After Akhenaten’s short rule his reforms were rescinded, he was declared an apostate and his name was obliterated from all Egyptian records. It is possible that some of the Canaanites who lived in Egypt at that time left the country during this time of turmoil, but again, there are some contradictory facts. First of all, they would still be fleeing one Egyptian province to another, and it would have had disastrous effects on the Egyptian economy. It is possible that only a few Semitic clans left, but it was not a historically significant event in any case and this is honestly, just a wild guess.
Fun Fact – some Cabbalists deny that the Exodus was a historical event and claim that it was a metaphor for moving between the Sephirah.
God Takes a History Lesson: No great Jewish conquests and no Jewish kingdom
The Bible tells us that after the Exodus, the Jews conquered Canaan, killed all the Canaanites, destroyed Jericho and established a mighty Jewish state. This new state waged successful wars on all the surrounding states – Edom, Philistine, Moab, etc. At one point the Angel of Death (yeah, things got that dramatic) exterminated a whole army of Ammonites. Jehovah is represented as invincible and his enemies – as fleeing from the Arc of the Covenant.
Sources external to the Bible give us the following, rather different picture:
“And Chemosh said to me, Go take Nebo against Israel, and I went in the night and I fought against it from the break of day till noon, and I took it: and I killed in all seven thousand men, but I did not kill the women and maidens, for I devoted them to Ashtar-Chemosh; and I took from it the vessels of Jehovah, and offered them before Chemosh.”
The Moabites seem to have conquered the Jewish capital and taken away the most sacred Jewish relics. This defeat is conveniently omitted from the Bible.
Indeed, there is not a single shred of evidence of any conquest in Palestine from the south. Canaanite cultures continued to flourish. Actually, a recent study found that the Lebanese are the actual descendants of the Canaanites – so the Jewish God didn’t do a great job exterminating them after all.
There is no tertiary source of evidence for the existence of a great united Kingdom of Israel between 1200 BC and 900 BC. Actually there is no evidence of the existence of a great united kingdom of Israel ever.
What was designated in the Bible as Israel was in fact a patchwork of small Semitic states fighting for control. Even in the Bible itself, there is a constant tension between different Hebrew factions in the so-called ‘united’ Kingdom of Israel. There are even suggestions of civil wars between the tribes of Judah and Benjamin.
Northern kings, such as Jeroboam, are routinely accused of worshiping idols and straying from the path of Jehovah. Even kings supposed to be loyal to Jehovah, such as Saul, are described using occult spiritualism and relying on witches to foretell the future – a practice explicitly forbidden in the Torah. Instead of a united kingdom with a single monotheistic religion, we see, even in the Bible itself, warring factions with different religious ideas. We see the religion of Jehovah struggling to impose itself even within Israel itself, let alone in foreign territories. Jehovah seems suspiciously unpopular among his worshipers, despite the great victories he supposedly bestowed upon them.
There are no external sources from neighboring countries that mentioned a great Jewish kingdom. The first mention of Judea is from 750 BC, and the first mention of Israel is from 890 BC. Almost all references reveal that the two Jewish states were weak, almost always being forced to pay tribute to the surrounding mighty empires – the Assyrians and Egyptians.
This period is well after the glorious Jewish victories under the Judges – 1100 BC, if we are to follow the Bible’s chronology. Jerusalem during the reigns of David and Solomon (c.a. 1000 BC) was just a small settlement. The Philistine city of Gath (birthplace of Goliath) was four times bigger than Jerusalem at that time. So the stories about Israel kicking the Phillistine’s backside probably never happened, indeed they were probably paying them tribute to prevent being kicked themselves.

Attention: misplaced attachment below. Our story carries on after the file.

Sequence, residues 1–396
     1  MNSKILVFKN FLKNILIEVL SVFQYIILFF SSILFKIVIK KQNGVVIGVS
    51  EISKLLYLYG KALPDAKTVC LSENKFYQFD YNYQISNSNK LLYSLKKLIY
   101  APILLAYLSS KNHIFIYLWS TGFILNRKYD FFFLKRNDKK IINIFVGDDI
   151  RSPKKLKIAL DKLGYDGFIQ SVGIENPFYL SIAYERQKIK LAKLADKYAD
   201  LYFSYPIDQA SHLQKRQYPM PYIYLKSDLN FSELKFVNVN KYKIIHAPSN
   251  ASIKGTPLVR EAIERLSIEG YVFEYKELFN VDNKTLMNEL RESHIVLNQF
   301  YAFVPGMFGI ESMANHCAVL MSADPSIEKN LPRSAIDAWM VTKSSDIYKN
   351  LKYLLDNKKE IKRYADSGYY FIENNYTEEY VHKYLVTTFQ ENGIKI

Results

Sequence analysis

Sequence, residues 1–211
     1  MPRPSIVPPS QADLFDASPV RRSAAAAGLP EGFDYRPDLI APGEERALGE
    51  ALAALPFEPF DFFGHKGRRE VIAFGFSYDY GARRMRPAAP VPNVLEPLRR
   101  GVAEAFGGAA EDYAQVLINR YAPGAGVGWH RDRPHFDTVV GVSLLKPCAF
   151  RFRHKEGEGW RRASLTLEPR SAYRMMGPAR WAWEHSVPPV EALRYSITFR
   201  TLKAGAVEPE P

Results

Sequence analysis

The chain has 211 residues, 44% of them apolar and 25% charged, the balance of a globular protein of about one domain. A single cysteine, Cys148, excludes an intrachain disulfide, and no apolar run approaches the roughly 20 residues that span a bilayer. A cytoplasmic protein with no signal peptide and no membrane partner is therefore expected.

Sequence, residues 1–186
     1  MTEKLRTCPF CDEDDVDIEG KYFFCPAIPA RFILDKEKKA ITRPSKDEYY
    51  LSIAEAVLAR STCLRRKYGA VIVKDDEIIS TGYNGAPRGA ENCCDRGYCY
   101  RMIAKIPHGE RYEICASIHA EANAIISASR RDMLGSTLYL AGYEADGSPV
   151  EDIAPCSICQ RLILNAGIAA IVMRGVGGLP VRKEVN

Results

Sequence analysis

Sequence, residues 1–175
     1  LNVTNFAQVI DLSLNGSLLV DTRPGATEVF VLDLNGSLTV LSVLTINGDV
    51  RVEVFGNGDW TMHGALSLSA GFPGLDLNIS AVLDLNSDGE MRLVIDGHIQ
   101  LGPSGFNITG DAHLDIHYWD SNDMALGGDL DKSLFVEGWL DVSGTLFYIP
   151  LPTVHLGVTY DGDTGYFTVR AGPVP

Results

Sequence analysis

Many historians see the United Kingdom of Israel as a pre-historic myth, concocted during the Babylonian exile. The language of the Book of Samuel itself gives that away. The book talks about iron picks and axes, describing events from the Late Bronze Age. Just take a moment and remember basic history, and think about that!
There are no inscriptions mentioning the State of Israel. No rings of Israelite kings from the 10th century BC found. There was not a single foreign traveler marveling at the temple of Jerusalem. It is about as real as Atlantis, and a whole lot less interesting.
God Takes a History Lesson: No David. No Solomon. No Temple.
The historicity of David and Solomon (the top dogs of Jewish history) is highly contestable. Many historians view them as folk heroes, similar to the Greek Odysseus and Achilles. Although some agree that they were historical figures, they reckon that they were local chieftains with limited power, a great deal of a difference from the grand Kings of mainstream history. Most agree that the Kingdoms of Israel and Judah developed separately and that David and Solomon must have been leaders of the southern kingdom of Judah. Some even view them solely as Levite religious leaders, not as political figures.
Jerusalem was not at all the glorious city of God described in the Bible. It was inhabited by barely 1000 people c.a. 1000 BC.
Currently, there are no excavations on Temple Mount for political and religious reasons, so the existence of the First Temple in history cannot be proved or disproved with certainty. Many third-party references to the temple have been proved to be forgeries. Even if such a structure existed, it was not the magnificent temple described in the Bible, but a modest sanctuary (a shack in the outback). Author Philip Gardiner dismisses the historical existence of such a building entirely in his book Gnosis: The Secrets of Solomon’s Temple Revealed. He claims that the Temple is to be viewed solely as a metaphor for one’s soul and the ways it can achieve enlightenment.
If that is not enough, we will analyze in the next article the historical inaccuracies in the New Testament. Although newer and more well-referenced, it still contains major bloopers. Like two Gospels disagreeing on the date Jesus was born.
By Simon Vlahov